Now you see why this definition works.

Go back to talk of the algorithm. In this algorithm, we have to
identify some labels as identical. Say we have two labels X and Y, which
are in the ambiguous relation.
For the automata M and M', X and Y are alphabets. And by definition of
label ambiguity, there exists such a very nice XML fragment that it can
be interpreted by both X and Y. If we read such a fragment now, we can
perform a transition by X for M, and by Y for M' (or vice versa).

There for our M* has the alphabet of SxS. In the above example, M*
receives (X,Y) as an alphabet for transition.

Consider the following transition sequence performed by M* (easy
example). Note that s1,s1',s2,s2' are labels.

(q0,q0') ---(s1,s1)--->  (q1,q1')  ---(s2,s2)--->  (q2,q2')

The very existence of the sequence {s1,s2} assumes that there exists a
XML hedge that can be interpreted by the sequence of {s1,s2}. Trivially
such a hedge exists.
And this transition sequence says that, by reading a sequence {s1,s2}, M
will be in q2, and M' will be in q2'.

Let's look at the another example.

(q0,q0') ---(s1,s1')--->  (q1,q1')  ---(s2,s2')--->  (q2,q2')

This time, the assumption implied by this transition sequence is not
trivial. It assumes that there exists a hedge that can be interpreted by
{s1,s2} as well as {s1',s2'}.

However, by a closer look to the definition of S*, the existence of
such a hedge can be proved. If (s1,s1') is a member of S*, s1 and s1'
must be in the ambiguous relation. So do (s2,s2').
By definition of label ambiguity, there exists a nice XML element that
can be interpreted by both s1 and s1'. Things are the same for s2 and s2'.
As a whole, we now know that there actually exists such a nice hedge
that can be interpreted by both {s1,s2} and {s1',s2'}. In facet, it can
even be interpreted by {s1,s2'} and {s1',s2}.

And this transition sequence says that by reading this nice hedge, M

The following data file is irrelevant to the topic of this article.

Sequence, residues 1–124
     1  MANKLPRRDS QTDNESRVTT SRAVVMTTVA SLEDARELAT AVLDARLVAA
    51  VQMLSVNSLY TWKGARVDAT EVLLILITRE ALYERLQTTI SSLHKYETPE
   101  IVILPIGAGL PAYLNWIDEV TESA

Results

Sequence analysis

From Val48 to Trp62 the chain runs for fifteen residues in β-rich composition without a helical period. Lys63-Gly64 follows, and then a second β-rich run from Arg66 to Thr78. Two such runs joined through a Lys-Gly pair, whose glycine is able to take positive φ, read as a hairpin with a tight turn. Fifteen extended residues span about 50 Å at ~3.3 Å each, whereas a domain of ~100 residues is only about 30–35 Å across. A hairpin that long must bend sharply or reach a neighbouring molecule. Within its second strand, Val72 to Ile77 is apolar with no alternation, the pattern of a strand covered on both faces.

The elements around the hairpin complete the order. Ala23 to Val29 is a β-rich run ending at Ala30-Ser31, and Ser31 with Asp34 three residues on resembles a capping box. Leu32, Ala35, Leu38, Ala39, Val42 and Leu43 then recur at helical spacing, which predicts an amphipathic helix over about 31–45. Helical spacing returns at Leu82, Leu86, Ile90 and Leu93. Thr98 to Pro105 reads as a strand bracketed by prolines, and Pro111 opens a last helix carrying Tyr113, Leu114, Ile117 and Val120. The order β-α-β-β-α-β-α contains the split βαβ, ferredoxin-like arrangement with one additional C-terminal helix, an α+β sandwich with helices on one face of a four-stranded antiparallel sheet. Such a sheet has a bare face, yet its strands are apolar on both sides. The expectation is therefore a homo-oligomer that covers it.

will be in q2 and M' will be in q2'.

Say L1 and L2 are in fact in the ambiguous relation (this is
a hypothesis). Then, from the definition of label ambiguity, there
exists a hedge (let it be <c1>...</c1><c2>...</c2> ... )

Its XML representation:
<c1>
...
</c1>
<c2>
...
</c2>
...

And there exists two interpretation I and I' such that the label
sequence

{ I (c1),  I (c2), I (c3), ... } is accepted by M and
{ I'(c1),  I'(c2), I'(c3), ... } is accepted by M'.

When we "zip" the above two sequence, we have

{ (I(c1),I'(c1))   ,  (I(c2),I'(c2))  ,  .... }

and this sequence is accepted by M+ (as your reminder, M+ treats all
unknown relation as ambiguous).

So, in short, now I proved that if L1 and L2 are in fact in the
ambiguous relation, M+ always accepts some language.

The contrapositive of this proposition will be
"if M+ doesn't accept anything, L1 and L2 are in fact NOT in ambiguous
relation".

So the first half of the proof is done. Next, I'll prove the last half.

Say M* accepts something (this is the hypothesis). Say it accepts the
following sequence.

{ (s1,s1')  ,  (s2,s2')  ,  ... }

By the definition of M*, if M* accepts this sequence, M accepts the
following sequence

{ s1, s2, ... }

and M' accepts the following sequence.

{ s1', s2', ... }

And from the definition of S*, we know that s1 and s1' are identical or
in the ambiguous relation.

Therefore, we know that there exists a hedge that can be interpreted by
both {s1,s2,...} and {s1',s2',...}, and an element that has this hedge
as its children can be interpreted by both L1 and L2 (since their automaton
accept this content model).

Therefore, L1 and L2 are in fact in the ambiguous relation because we
know there actually exists a tree that can be interpreted by both L1 and
L2.

So, as a whole, I proved the followings.

* If M* accepts something, then L1 and L2 are in fact in the ambiguous
relation
* If M+ accepts nothing, then L1 and L2 are in fact NOT in the ambiguous
relation

Therefore, this algorithm is proved to be correct.

regards,
----------------------
K.Kawaguchi
E-Mail: k-kawa@bigfoot.com